By Jean Anselmi

    There are animals that are so different from us, we struggle to consider them animals. But this month’s feature animal has been around 550 million years, has thousands of species, comes in a huge variety of shapes and sizes, and copes with a wide diversity of environments.

    I suppose the pictures gave it away, but would you have guessed the animals were sponges? 

    Sponges are members of the phylum Porifera, and although they are very simple organisms, they belong in one of the most diverse phyla on earth. There are nine thousand identified species of sponges, varying from microscopic to the size of your car, with a wide array of shapes and colours.

    Sponges don’t have a proper mouth or digestive system (or any proper organs). They also don’t have a nervous system or muscles and most generally attach to one place and stay there (although studies have suggested some species can crawl slowly). 

    Mid writing this article, I asked my sister “Do you have any interesting sponge facts?” She said “They don’t have bones and must be related to jelly.” Only one of these is relatively true, because although they do not have bones like ours, sponges do have a skeletal structure.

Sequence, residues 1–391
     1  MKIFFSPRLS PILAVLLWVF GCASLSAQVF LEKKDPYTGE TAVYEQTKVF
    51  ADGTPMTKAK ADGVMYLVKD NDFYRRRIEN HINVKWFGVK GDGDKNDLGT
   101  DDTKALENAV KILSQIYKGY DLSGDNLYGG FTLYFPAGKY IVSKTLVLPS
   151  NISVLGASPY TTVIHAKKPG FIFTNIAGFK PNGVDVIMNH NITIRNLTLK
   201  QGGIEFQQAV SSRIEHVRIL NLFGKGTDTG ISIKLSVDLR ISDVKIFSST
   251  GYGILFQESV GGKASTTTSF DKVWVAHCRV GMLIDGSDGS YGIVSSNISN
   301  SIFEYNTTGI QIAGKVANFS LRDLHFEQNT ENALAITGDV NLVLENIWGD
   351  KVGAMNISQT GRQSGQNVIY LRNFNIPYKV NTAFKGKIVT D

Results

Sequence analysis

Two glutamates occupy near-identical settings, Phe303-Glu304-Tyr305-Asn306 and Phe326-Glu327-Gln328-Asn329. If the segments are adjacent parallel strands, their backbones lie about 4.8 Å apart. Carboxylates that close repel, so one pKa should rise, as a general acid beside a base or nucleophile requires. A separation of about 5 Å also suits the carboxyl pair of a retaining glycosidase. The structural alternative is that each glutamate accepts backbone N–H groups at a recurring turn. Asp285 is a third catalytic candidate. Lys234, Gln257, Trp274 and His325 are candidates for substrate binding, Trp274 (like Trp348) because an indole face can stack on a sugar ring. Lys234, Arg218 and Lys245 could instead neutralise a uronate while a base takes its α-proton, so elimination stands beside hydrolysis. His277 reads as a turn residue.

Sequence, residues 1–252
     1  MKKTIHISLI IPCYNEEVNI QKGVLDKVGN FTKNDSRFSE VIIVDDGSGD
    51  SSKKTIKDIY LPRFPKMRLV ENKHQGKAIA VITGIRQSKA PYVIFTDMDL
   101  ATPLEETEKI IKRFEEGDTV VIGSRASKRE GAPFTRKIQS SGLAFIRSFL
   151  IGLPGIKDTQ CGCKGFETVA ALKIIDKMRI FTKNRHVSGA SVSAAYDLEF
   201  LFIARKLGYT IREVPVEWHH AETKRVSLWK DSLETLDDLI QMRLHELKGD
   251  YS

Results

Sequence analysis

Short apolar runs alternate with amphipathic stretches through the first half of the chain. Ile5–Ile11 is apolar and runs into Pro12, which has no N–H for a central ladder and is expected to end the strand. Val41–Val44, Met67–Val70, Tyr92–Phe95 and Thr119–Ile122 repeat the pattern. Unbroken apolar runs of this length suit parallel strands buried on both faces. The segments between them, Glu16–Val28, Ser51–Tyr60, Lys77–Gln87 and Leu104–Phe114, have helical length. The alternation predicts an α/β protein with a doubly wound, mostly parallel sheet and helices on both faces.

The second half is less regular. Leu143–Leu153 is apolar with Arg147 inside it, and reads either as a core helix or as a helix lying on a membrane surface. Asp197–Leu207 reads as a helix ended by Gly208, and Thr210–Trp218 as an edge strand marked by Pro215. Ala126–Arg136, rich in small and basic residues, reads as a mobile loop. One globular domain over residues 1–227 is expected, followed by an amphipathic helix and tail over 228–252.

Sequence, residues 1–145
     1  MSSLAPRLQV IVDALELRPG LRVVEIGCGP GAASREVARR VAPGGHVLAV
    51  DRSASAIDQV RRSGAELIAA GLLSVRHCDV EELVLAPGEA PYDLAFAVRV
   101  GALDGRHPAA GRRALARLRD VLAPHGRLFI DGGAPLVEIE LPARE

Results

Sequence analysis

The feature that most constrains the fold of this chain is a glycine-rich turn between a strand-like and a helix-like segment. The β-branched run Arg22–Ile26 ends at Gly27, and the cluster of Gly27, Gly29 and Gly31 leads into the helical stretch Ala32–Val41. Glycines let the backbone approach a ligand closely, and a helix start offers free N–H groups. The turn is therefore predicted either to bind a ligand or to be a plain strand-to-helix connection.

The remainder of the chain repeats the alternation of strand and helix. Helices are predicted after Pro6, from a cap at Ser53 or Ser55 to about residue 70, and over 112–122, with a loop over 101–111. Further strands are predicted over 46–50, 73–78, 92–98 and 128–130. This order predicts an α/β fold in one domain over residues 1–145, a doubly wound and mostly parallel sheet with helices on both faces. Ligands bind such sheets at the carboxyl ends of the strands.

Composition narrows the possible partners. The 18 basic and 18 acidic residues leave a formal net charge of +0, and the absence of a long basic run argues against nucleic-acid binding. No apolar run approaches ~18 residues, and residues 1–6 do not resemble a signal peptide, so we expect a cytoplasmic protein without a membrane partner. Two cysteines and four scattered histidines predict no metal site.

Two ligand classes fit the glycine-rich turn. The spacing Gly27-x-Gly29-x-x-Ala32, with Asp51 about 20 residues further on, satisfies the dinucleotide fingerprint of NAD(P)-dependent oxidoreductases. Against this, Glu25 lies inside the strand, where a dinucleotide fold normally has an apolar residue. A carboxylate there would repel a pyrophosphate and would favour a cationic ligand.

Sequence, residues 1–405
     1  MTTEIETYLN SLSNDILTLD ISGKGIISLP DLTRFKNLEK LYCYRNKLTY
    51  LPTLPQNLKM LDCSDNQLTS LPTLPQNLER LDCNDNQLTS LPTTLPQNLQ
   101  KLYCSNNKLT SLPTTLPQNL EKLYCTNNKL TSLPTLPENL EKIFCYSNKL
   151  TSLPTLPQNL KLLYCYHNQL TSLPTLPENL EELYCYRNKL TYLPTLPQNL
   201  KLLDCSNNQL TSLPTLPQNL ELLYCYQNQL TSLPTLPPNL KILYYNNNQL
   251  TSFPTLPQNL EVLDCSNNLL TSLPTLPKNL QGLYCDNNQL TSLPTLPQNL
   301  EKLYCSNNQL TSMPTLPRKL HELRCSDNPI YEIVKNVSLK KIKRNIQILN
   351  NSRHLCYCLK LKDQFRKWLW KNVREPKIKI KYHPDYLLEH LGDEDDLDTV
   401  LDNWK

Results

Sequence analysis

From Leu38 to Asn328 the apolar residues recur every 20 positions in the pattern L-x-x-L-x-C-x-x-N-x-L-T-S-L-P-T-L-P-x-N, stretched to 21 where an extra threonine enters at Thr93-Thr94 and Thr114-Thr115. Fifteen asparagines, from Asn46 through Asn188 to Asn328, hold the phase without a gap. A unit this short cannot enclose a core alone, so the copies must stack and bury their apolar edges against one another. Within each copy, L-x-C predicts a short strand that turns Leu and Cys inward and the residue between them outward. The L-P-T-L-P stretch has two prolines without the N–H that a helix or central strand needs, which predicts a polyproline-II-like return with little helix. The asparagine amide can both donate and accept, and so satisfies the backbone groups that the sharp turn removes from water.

Using much more scientific methods than my sister, Aristotle classified sponges as plants, which seems a reasonable conclusion. However, sponges are animals because, among other reasons, they lack cell walls, are multicellular, reproduce using sperm cells, and have a skeletal structure.

    Although they are found in virtually all aquatic habitats, most sponges are marine species, suggesting there are probably many species still to be discovered. The fantastic Jawbone Marine Sanctuary located off the coast of Williamstown in the traditional Sea Country of the Bunurong People is home to several species, photographed and classified by the Jawbone Marine Sanctuary Care Group (JMSCG). (It might be important to state that none of the knowledgeable people of the JMSCG were consulted in this very unscientific column.)

    Some sponges contain toxic substances to discourage predators. These sponges are particularly attractive to specific species of crabs that wear sponges as camouflage and to take advantage of the sponge’s toxic deterrent. The crabs cut a section of a sponge, holding it on their head with specialised hind legs, where the sponge continues to live and grow. Recently, a new species of crab was found in Western Australia with dense, shaggy hair and wearing a sponge hat. Very fashion forward.

    With all these varieties, there is one shape you can’t find. At the risk of body shaming, sorry SpongeBob SquarePants, but square is not a realistic portrayal. 

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